Ammutong village. Contrary to some reports, women are active participants in the subsistence farming that is the main form of agriculture in the state. Therefore, they are not merely land title holders but work the land in tandem with their male counterparts to meet the family’s needs. Here, women from several households of a village in the Jaiñtia Hills district help the lady in the center to harvest the rice seedlings for transplanting in her fields. They will take turns to assist one another to complete the task in their respective ancestral lands. Photo: Anne Lyngdoh

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    Although the majority of the population in the area has converted to Christianity following the proselytization activities of Welsh and other missionaries from the early nineteenth century, there are a number of people who still practice the traditional Indigenous belief, a form of animism. While various local customs and practices were banned by the Church to its members or adapted to be in line with the Church’s preaching or Western thought, traditional knowledge and ways have inadvertently survived the test of time—matrilineal practice being one of them. Furthermore, as local educated Christians realize the importance of preserving their distinctive customs and culture, they are now more willing to attend and participate in traditional ceremonies and festivals, which in previous times might have been in opposition to the Church’s directives.

    Meghalaya, meaning “the abode of the clouds,” is a plateau state, aptly named as it lies directly in the path of the southwest monsoon traveling north from the Bay of Bengal to the Himalayas. When the moisture-laden clouds hit the plateau, it results in tremendous amounts of rainfall, such that two locations in the state, Sohra and Mawsynram, repeatedly vie for the title of “world’s wettest place.” An abundance of rain has also translated into a significant variety of flora and fauna thriving in the region, to the extent that Meghalaya is considered one of the world’s hotspots of biodiversity. Through years of interaction with their environment, the tribes have come to develop unique methods and practices to make use of the conditions and resources present in their surroundings. Meghalaya was chosen to host the International Terra Madre festival in 2015, an event that seeks to showcase and popularize the traditions, foods, and lifeways of Indigenous communities from around the world.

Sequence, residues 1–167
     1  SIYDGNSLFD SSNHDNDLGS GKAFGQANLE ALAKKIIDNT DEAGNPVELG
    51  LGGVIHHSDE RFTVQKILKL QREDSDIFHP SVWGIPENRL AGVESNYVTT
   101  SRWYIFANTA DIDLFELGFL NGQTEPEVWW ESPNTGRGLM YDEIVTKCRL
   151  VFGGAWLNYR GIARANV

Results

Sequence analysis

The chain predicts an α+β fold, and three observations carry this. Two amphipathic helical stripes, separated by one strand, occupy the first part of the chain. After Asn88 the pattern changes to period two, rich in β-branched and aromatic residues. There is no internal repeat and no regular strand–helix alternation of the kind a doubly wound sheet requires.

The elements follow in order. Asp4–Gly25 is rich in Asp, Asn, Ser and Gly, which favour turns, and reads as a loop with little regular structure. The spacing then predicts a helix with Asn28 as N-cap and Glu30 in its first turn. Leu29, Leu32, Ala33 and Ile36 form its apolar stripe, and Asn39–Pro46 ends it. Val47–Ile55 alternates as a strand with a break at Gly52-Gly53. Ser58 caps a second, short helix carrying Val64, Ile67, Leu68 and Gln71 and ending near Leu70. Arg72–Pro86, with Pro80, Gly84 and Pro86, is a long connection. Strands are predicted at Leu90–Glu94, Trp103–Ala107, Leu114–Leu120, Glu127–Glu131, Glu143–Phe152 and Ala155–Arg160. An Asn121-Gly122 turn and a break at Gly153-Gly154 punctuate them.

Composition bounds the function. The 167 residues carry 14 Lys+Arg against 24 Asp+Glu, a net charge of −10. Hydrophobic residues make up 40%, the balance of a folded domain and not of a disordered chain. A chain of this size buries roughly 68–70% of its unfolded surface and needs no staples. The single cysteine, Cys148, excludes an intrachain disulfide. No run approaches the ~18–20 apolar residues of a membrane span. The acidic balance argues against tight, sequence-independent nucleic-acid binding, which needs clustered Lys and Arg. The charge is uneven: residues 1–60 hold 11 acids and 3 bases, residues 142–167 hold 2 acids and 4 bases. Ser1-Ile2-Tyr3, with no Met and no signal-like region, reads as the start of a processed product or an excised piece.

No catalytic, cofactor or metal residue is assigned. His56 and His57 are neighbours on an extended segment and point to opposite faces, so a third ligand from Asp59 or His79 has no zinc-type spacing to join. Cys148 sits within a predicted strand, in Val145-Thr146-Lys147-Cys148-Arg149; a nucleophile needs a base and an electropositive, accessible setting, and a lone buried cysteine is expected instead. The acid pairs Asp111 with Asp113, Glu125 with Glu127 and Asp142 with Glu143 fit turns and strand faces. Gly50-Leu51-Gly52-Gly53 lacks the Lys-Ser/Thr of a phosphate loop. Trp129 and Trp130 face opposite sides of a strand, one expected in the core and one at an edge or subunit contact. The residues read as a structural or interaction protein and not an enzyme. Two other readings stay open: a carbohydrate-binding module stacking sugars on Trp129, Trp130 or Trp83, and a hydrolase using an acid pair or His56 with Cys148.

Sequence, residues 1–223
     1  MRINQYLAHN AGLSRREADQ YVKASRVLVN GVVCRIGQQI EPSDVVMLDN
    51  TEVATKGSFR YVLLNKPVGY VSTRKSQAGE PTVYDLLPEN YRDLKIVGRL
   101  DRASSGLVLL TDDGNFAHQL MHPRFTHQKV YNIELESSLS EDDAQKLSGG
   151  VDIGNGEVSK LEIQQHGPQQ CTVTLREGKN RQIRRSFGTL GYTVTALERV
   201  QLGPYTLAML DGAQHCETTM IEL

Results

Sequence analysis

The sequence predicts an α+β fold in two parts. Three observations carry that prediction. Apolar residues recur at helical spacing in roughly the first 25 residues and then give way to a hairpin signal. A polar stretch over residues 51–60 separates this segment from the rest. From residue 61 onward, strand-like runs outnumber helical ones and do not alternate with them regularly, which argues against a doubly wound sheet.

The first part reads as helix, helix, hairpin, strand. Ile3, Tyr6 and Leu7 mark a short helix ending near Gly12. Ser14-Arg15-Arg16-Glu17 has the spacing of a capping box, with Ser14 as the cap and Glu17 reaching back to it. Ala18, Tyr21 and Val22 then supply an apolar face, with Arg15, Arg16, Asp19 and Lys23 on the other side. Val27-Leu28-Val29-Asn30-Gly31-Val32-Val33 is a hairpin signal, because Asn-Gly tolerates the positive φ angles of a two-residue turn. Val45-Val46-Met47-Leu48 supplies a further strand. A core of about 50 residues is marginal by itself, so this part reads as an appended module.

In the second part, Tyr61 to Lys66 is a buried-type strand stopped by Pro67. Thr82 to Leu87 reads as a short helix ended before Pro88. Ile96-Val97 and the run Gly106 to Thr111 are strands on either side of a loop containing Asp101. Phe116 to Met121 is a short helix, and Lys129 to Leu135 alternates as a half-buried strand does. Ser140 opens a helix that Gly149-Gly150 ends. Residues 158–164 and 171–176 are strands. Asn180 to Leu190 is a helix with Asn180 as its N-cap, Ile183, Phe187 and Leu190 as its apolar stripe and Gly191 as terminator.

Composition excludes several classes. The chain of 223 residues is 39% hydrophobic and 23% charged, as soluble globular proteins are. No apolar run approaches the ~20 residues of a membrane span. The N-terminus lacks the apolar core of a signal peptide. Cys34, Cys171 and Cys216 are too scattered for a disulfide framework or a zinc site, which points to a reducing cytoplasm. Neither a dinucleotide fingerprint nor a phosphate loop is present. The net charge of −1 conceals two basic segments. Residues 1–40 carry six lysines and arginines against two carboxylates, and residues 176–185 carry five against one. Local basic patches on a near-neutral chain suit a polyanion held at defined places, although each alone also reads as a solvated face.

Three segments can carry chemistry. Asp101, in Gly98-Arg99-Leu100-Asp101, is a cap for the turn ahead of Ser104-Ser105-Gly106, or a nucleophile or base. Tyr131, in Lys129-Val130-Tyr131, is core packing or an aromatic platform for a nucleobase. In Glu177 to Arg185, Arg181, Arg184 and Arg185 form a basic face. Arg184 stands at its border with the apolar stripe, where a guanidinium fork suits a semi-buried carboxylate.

Through years of interaction with their environment, the tribes have come to develop unique methods and practices to make use of the conditions and resources present in their surroundings.

    This photo essay is my small effort to give the spotlight to the little-known matrilineal system and its home in Meghalaya, India. With a rich culture and diverse environment, the people of Meghalaya continue to face challenges to preserve their unique culture and habitat. It is my hope that projects such as this one may empower us to be proud of our heritage and offer motivation to seek avenues that aim to support our biocultural diversity. The popular adage that a photo speaks louder than a thousand words might be true, but nothing can compare to the exhilarating experience of coming to visit and supporting a unique location such as Meghalaya!